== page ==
We are also of the opinion that the matter is not jurisdictional. It has been held that an informal or defective bond not objected to may confer jurisdiction. Tynberg v. Cohen, 67 Tex. 220, 2 S.W. 734 (1887); Southern Pac. Co. v. Staley, 76 Tex. 418, 13 S.W. 480 (1890); Ricker v. Collins, 81 Tex. 662, 17 S.W. 378 (1891). Irregularities in a bond are waived by an appearance and amendment of pleadings and delay in making a motion to dismiss and such defects may be waived by continuance by consent. Cason v. Laney, 82 Tex. 317, 18 S.W. 667 (1891); Casan v. Westfall, 83 Tex. 26, 18 S.W. 668 (1892); Futch v. Palmer, 11 Tex.Civ.App. 191, 32 S.W. 566 (1895). There is no sound reason why, in the circumstances stated, the appellant should not be allowed time within which to file an amended bond and we think Rule 571 requires that it be done.
7 Tex. B.J. 80 (1944) reprinted in 8 Tex. B.J. 44 (1945).
(No. 131) Question: In San Antonio Joint Stock Bank v. Malcher, 164 S.W.2d 197, 199 (Tex. Civ. App.-San Antonio 1942), the Court of Civil Appeals held that points presented by appellant, but not briefed were waived. The decision was followed by Piedmont Fire Ins. Co. v. Ladin, 174 S.W.2d 991 (Tex. Civ. App.-Galveston 1943) and, during the present year, by Broussard v. L. Cartwright Realty Co., 179 S.W.2d 777 (Tex. Civ. App.-Amarillo 1944), and Orange Laundry Co. v. Stark, 179 S.W.2d 841 (Tex. Civ. App.-Amarillo 1944). Has appellant any remedy in a Case of this sort?
Answer: Yes. His most obvious remedy is, of course, to comply with the briefing rules when he prepares his brief.
We are of the opinion that he has another remedy; that is, a motion to amend. We beg to quote from a number of rules and cases in support of this answer.
Rule 422. The purpose of briefs being to acquaint the court with the points relied upon, the manner in which they arose, together with such argument of facts and law as will enable the court to decide the same, a substantial compliance with these rules will suffice in the interest of justice; but for a flagrant violation of the rules the court may require the case to be rebriefed.
Rule 429. Should it be apparent during the submission or afterwards that the case has not been properly prepared, as shown in the transcript, or properly presented in the brief or briefs, or that 'the law and authorities have not been properly cited, which will enable the court to decide the case, it may decline to receive the submission; or, if received, may set it aside and make such orders as may be necessary to secure a more satisfactory submission of the case; ...
Rule 431. Briefs may be amended or supplemented at any time when justice requires upon such reasonable terms as the court may prescribe, and if the court shall strike or refuse to consider any part of a brief, the court shall on reasonable terms allow the same to be amended or supplemented.
Rule 437. A judgment shall not be affirmed or reversed or an appeal dismissed for defects or irregularities in appellate procedure, either of form or substance, without allowing a reasonable time to correct or amend such defects or irregularities, ... "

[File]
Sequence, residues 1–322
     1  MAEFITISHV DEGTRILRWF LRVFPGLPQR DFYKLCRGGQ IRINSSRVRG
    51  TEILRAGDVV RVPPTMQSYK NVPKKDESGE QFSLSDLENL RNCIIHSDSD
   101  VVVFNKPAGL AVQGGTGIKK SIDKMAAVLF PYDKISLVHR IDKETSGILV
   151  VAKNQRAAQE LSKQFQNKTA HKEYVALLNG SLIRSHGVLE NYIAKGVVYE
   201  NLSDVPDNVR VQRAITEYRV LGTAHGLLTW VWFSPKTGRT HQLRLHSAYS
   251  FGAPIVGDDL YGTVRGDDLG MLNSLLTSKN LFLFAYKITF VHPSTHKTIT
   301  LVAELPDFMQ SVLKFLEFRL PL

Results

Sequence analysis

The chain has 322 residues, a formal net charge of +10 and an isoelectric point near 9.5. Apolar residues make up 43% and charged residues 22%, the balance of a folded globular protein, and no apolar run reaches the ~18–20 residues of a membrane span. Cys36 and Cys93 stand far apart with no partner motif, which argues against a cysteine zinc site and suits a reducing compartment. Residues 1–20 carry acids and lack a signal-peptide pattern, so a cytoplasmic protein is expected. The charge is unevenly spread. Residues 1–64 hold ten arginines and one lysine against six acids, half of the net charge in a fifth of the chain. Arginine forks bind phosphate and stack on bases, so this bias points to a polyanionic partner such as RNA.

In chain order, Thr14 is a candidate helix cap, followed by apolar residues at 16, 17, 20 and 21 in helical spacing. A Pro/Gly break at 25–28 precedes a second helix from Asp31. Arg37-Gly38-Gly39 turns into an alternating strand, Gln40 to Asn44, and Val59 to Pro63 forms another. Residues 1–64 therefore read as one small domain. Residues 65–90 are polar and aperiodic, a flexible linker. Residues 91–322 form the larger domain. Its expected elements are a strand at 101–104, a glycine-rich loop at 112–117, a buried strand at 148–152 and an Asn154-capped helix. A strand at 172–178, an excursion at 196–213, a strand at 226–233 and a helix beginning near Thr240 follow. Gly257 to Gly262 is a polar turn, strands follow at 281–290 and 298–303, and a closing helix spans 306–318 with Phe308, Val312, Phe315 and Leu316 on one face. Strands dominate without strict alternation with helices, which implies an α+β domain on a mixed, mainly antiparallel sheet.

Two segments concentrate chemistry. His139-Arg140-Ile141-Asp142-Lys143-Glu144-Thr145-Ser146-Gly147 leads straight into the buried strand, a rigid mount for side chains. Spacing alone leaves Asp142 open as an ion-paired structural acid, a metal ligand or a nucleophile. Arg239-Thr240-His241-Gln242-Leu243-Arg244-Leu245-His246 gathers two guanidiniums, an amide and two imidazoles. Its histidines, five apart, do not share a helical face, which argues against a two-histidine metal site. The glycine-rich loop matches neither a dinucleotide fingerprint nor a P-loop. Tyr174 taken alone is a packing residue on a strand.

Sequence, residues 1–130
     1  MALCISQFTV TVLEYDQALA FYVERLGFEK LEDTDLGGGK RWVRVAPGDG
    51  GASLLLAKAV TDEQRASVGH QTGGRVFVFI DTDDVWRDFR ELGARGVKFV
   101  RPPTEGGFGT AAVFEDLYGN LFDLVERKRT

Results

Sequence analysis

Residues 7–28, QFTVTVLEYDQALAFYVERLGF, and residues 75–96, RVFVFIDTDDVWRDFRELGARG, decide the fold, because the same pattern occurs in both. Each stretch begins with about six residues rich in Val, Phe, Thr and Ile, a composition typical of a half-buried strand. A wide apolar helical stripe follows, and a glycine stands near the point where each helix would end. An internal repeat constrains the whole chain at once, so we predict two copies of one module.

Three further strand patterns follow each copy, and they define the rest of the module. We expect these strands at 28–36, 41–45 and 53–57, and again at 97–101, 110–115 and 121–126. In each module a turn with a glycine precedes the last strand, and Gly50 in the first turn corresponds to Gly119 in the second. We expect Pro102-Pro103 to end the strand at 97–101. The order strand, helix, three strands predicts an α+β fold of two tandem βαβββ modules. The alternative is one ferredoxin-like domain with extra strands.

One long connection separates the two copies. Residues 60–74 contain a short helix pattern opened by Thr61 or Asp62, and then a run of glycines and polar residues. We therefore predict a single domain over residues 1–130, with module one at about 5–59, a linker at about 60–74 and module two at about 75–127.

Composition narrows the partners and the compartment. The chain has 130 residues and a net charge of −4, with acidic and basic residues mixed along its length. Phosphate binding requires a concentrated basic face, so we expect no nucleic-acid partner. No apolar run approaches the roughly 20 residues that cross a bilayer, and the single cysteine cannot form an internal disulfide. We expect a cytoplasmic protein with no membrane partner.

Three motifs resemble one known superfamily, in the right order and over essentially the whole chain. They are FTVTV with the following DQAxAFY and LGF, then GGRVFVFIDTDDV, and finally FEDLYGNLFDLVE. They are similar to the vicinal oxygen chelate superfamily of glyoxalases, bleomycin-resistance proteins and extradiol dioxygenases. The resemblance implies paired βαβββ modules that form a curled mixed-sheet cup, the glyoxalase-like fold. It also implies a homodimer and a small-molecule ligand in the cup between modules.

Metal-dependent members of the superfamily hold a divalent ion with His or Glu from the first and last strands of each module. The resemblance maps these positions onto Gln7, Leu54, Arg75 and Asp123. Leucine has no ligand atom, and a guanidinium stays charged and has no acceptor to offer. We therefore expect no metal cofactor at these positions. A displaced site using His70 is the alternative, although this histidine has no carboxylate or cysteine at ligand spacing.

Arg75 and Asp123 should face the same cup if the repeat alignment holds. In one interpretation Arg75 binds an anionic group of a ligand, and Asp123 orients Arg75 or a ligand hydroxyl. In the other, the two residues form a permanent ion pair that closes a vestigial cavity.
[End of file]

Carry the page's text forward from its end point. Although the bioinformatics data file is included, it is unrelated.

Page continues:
In Gillette Motor Transp. Co. v. Wichita Falls & S. Ry. Co., 170 S.W.2d 629 (Tex. Civ. App.-Fort Worth 1943), the Court decided that under the rules above quoted it could, as it did, "after submission of the cause, allow amendment of 'appellant's brief' in order to present points of error not presented in the original brief."
There are similar rules as to applications for writ of error and briefs in the Supreme Court, viz. Rules 469 subd. (f), 481, 491, and 504.
In Cochran v. Wool Growers Central Storage Co., 162 S.W.2d 941 (Tex. 1942), the Supreme Court, having previously granted a writ of error, dismissed it because the application in its Grounds of Jurisdiction on the subject of conflicts of decisions was not in accordance with the rules. Subsequently, on motion far rehearing, it observed that the application had been filed before the rules went into effect but granted a motion to amend which was filed after their effective date, saying in support of its action: "An examination of Rule 481, supra, will disclose that it provides: ‘The application, ... may be amended at any time when justice requires and upon such reasonable terms as the Court may prescribe...' Rule 504, supra, provides: 'The Supreme Court will not ... dismiss a writ of error for defects or irregularities in appellate procedure, either of form or substance, without allowing a reasonable time to correct or amend such defects or irregularities,...' Clearly these two rules authorize this court to grant one who prosecutes a writ of error to this court the right to amend his application, where it is defective either as to form or substance. Such being the case, an application which is defective, in that it fails to properly state grounds of jurisdiction under Section 1 of Article 1821, R.C.S., or Subdivision (b) of Rule 469, can be amended in this court at any time when, in the opinion of the court, justice so requires. Furthermore, we think the right to amend maybe granted even though the original application for writ of error was filed before the effective date of Rules 481 and 504, supra. This holding in no way violates Rule 814, supra, defining the effective date of our present Texas Rules of Civil Procedure. We will therefore order that the amended application for writ of error be filed, and will now consider this case on such amended application."
See also Moore v. Dilworth, 142 Tex. 538, 179 S.W.2d 940 (1944), in which the same court refused to consider a point of error which was contained in neither the motion for rehearing nor the application. The court, however, took care to add: "It would serve no purpose in this instance to permit the application for writ of error to be amended under Rule 504 because the point was not assigned in the motion for rehearing in the Court of Civil Appeals."
These decisions, and the rules upon which they are based very clearly indicate, we think, that a proper practice on behalf of a party whose appellate contentions have not been considered an account of fault in briefing may and, when he actually has a meritorious contention, should be motion to amend.
7 Tex. B.J. 282 (1944) reprinted in 8 Tex. B.J. 49 (1945).